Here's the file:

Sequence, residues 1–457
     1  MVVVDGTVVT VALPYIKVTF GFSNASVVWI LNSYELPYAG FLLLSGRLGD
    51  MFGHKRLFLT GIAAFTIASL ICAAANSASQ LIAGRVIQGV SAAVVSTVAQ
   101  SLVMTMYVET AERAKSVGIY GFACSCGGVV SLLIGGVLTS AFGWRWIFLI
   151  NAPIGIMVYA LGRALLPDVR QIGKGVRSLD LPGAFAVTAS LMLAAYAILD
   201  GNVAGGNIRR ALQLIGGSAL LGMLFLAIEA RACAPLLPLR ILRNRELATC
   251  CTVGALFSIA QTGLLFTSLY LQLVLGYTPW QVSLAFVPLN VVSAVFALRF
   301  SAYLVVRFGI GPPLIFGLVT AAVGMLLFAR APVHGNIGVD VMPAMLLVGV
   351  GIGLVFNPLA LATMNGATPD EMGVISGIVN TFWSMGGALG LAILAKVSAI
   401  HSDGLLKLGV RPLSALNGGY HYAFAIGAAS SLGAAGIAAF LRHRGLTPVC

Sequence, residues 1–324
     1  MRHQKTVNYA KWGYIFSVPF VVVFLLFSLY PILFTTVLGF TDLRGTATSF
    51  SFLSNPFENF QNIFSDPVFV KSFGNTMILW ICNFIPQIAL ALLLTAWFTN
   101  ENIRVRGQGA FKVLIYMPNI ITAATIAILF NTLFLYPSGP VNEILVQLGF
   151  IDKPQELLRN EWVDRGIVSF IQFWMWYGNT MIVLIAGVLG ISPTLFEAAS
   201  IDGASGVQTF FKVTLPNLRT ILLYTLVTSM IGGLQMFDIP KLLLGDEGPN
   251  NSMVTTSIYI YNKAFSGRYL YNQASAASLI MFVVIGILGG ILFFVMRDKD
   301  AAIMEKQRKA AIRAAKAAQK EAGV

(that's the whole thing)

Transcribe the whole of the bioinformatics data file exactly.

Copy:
Sequence, residues 1–457
     1  MVVVDGTVVT VALPYIKVTF GFSNASVVWI LNSYELPYAG FLLLSGRLGD
    51  MFGHKRLFLT GIAAFTIASL ICAAANSASQ LIAGRVIQGV SAAVVSTVAQ
   101  SLVMTMYVET AERAKSVGIY GFACSCGGVV SLLIGGVLTS AFGWRWIFLI
   151  NAPIGIMVYA LGRALLPDVR QIGKGVRSLD LPGAFAVTAS LMLAAYAILD
   201  GNVAGGNIRR ALQLIGGSAL LGMLFLAIEA RACAPLLPLR ILRNRELATC
   251  CTVGALFSIA QTGLLFTSLY LQLVLGYTPW QVSLAFVPLN VVSAVFALRF
   301  SAYLVVRFGI GPPLIFGLVT AAVGMLLFAR APVHGNIGVD VMPAMLLVGV
   351  GIGLVFNPLA LATMNGATPD EMGVISGIVN TFWSMGGALG LAILAKVSAI
   401  HSDGLLKLGV RPLSALNGGY HYAFAIGAAS SLGAAGIAAF LRHRGLTPVC

Sequence, residues 1–324
     1  MRHQKTVNYA KWGYIFSVPF VVVFLLFSLY PILFTTVLGF TDLRGTATSF
    51  SFLSNPFENF QNIFSDPVFV KSFGNTMILW ICNFIPQIAL ALLLTAWFTN
   101  ENIRVRGQGA FKVLIYMPNI ITAATIAILF NTLFLYPSGP VNEILVQLGF
   151  IDKPQELLRN EWVDRGIVSF IQFWMWYGNT MIVLIAGVLG ISPTLFEAAS
   201  IDGASGVQTF FKVTLPNLRT ILLYTLVTSM IGGLQMFDIP KLLLGDEGPN
   251  NSMVTTSIYI YNKAFSGRYL YNQASAASLI MFVVIGILGG ILFFVMRDKD
   301  AAIMEKQRKA AIRAAKAAQK EAGV